3

While I agree with Aryabhata about the given hand, it is possible in more-or-less standard bidding to bid opponents' suit naturally. For instance, consider the auction 1C-X-1H-2H. In this case, partner promises either heart support or a very strong hand. Responder only promises a 4-card heart suit and not much in terms of values (responder may have 5 hearts, ...


3

The preference for takeout doubles particularly with regard to competitive auctions like 1,2 and 3 is due to the likelihood of having either a straight out penalty hand or one that wishes to play in another suit- the latter is judged to far more likely. You could also end up playing in no-trumps when opponents could make or just go down not enough doubled to ...


3

An Alternative Method Most players will learn when to bid by feel, but for those who are not yet at that point or prefer something more concrete, you can assign a score to your hand, in order to determine whether you should bid. Some players use a 3-2-1 point system, with the bowers worth 3 points each, face trumps worth 2 points each, and low trumps or ...


3

Against weaker players than yourselves, the opposite is more likely to pay off. Traditionally, strong rubber bridge players deliberately sandbag with a part score, inviting the opponents to save against the game bid and then doubling for penalties. One or two such penalties easily replaces the (possibly) lost rubber bonus, and any others are bonus. A side ...


3

I will start by saying that a 26-27 hcp requirement for games is old-fashioned in the extreme. I most often see a recommendation of 25 hcp for 3NT or 4M games, and occasionally see that shaded to 24 hcp. Along those lines, I raise a 15-17 1NT to game with nearly any 9-count. Probably more useful than upgrading 5332 hands is downgrading 4333 hands. Many ...


3

Your opening style seems fine, but responder should prefer to bid 1 heart or 1 spade holding four cards in the major to go along with support in your minor. That is, after you have opened 1C, partner should respond 1H holding x xxxx xxx AKxxx There are a number of reasons for this; perhaps the most important is that making ten tricks in a major-suit ...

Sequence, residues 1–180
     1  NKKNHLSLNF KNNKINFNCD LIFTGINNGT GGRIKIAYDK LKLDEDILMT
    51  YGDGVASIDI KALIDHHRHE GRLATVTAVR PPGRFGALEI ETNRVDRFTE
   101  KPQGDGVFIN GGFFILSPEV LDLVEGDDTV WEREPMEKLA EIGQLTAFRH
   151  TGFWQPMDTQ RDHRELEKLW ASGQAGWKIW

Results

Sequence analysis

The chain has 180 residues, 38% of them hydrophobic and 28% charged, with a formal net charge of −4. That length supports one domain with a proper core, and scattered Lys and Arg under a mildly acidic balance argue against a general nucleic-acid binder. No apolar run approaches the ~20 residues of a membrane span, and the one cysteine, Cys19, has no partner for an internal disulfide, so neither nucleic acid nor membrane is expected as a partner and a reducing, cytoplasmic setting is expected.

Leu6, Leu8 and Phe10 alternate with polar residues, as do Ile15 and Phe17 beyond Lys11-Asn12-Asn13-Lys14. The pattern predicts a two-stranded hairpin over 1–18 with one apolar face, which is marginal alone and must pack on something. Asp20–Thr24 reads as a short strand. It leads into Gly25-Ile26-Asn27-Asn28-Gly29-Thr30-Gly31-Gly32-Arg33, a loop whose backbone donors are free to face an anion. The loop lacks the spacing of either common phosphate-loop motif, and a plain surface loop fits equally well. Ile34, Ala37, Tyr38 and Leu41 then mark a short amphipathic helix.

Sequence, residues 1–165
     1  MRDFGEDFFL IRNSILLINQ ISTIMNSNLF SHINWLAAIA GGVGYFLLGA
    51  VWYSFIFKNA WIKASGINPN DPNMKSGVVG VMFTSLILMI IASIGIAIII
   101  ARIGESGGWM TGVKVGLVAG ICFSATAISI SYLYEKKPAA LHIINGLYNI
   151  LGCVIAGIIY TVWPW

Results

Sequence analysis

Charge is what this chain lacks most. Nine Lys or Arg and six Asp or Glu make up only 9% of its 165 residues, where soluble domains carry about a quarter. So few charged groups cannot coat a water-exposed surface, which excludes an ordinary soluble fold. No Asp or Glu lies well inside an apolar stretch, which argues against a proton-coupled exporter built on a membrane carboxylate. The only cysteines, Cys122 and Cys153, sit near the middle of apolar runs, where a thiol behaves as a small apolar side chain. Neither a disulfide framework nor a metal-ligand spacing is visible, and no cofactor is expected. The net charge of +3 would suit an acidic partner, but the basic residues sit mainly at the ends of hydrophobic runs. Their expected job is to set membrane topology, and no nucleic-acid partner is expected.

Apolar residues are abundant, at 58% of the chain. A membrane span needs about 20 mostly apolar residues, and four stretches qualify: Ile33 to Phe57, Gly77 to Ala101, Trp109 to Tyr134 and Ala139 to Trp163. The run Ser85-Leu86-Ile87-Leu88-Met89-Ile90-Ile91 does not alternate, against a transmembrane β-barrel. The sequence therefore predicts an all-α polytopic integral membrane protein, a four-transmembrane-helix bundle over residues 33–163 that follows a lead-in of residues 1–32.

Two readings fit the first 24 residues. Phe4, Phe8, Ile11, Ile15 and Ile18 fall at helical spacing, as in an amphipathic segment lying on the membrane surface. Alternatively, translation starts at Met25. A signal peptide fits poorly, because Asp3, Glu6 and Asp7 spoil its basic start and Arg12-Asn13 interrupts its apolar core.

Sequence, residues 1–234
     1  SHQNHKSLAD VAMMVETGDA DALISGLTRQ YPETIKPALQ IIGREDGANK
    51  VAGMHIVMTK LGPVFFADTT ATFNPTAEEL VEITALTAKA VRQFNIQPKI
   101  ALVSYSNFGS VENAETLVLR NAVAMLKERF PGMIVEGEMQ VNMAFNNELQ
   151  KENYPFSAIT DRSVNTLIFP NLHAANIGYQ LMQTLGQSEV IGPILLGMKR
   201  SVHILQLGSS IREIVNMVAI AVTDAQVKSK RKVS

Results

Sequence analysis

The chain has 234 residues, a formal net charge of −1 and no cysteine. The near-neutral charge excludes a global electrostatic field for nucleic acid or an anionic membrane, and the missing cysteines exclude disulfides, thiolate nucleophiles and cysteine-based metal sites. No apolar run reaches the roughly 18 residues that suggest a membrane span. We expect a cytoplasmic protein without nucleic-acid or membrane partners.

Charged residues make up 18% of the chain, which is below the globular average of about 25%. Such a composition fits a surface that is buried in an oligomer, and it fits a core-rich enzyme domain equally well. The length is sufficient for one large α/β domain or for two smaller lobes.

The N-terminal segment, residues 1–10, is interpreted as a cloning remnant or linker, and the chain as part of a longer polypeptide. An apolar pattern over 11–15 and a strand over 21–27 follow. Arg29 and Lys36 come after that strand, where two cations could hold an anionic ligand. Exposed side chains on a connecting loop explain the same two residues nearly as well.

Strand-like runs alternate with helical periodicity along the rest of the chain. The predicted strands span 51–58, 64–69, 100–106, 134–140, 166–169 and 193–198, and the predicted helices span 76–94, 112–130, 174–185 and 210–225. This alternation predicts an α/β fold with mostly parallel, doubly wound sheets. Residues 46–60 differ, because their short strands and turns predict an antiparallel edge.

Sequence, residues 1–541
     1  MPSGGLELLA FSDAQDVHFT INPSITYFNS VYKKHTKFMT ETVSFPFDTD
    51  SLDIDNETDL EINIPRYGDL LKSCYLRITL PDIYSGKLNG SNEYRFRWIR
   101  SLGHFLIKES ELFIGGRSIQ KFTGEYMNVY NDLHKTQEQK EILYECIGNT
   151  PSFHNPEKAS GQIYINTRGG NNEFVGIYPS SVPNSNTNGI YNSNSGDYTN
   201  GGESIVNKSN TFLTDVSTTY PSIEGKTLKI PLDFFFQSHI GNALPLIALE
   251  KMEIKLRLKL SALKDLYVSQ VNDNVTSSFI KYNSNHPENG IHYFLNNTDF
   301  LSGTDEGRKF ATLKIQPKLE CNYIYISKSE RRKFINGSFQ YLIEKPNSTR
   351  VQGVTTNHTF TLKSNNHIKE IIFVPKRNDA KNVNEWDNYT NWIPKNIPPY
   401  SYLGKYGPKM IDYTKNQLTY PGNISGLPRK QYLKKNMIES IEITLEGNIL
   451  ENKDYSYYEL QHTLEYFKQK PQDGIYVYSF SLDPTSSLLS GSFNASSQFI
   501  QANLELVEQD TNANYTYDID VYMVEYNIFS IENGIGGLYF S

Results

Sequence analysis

2

My duplicate bridge teacher suggested a 2D response as either negative or "waiting" in order to see what suit(s) the opener rebid. That might keep the responder from winning the bid and exposing the stronger hand as dummy.


2

As already pointed out, 4432 hands are balanced and must be bid as such: With 16-19 HCP open a minor (1D if they are 44, 1C if they are 33, else the longest) and rebid 2NT. With 20-21 HCP open 2NT. With 22+ open 2C and rebid 2NT. For 12-14 pt. 4441 hands: singleton heart or spade: open 1D and either raise partner's suit or rebid 2C. singleton ...


2

Assuming that you play 4th Suit Forcing (and possibly artificial), then partner has denied game-forcing values by choosing not to bid 2H. This means that the 2NT bid is invitational, and you should pass to show your minimum. A hand only a bit better that could consider continuing to 3NT is KT9x-Kx-Tx-AQT9x. Now the extra T's and 9's significantly raises the ...


2

This is a matter of partnership understanding and taste more than systemic; most natural bidding systems may be played either way. First, you would never make strong raises of partner's major (splinter, jump to 3M or 4M, etc) with only 3-card support. This is exclusively for the auction 1m-1M-2M. 4-3 fits are much less fun to play at the 4-level than the ...


2

On this particular hand, North rates to have 3 spades, 5 hearts, and no minor-suit shortness to go along with minimum game-forcing values. If North's hand is xxx KJxxx Kx KQx, then you can safely exit a heart every time you're on lead, likely taking one or two hearts, two spades, and a diamond (Note that this is a hand that stretched to make game, and even ...


2

There is a convention called "exclusion blackwood" (some call it "voidwood"). This way you can ask for aces, excluding one suit. This call can be made by bidding your void suit, in a level above your fit suit, provided that a fit has been found. In your example, all bids (4s,5c,5d) are exclusion blackwood. Partner can respond in steps, just like steps on ...


2

The things your partner need most to know about are your spade void and strong diamonds. So I would bid three diamonds [changed from spades], to show my stopper in that suit. If partner has "nothing" to say, he'll bid hearts, but more likely, he'll bid four clubs to show his ace in that suit. Then you can bid four spades [changed from diamonds] to show ...


2

You need only four spades to respond one spade. When your partner opens, you are expected to try to keep the bidding open if possible. That's why you need only four of a major to respond, and as little six points (although you may have a lot more). The fact that you have four spades is valuable information. Your bid (in a new suit) is forcing, meaning that ...


2

Your 2C was nonforcing; partner could have passed 2C but instead showed a preference for your first suit with 2D. This is to play. Depending on your responding style, partner could have as little as KTxxx xxxx xx xx or as much as KQxx Qxx Jxx xxx In any case, you don't have quite enough to take another bid and should pass. To bid again, you should have ...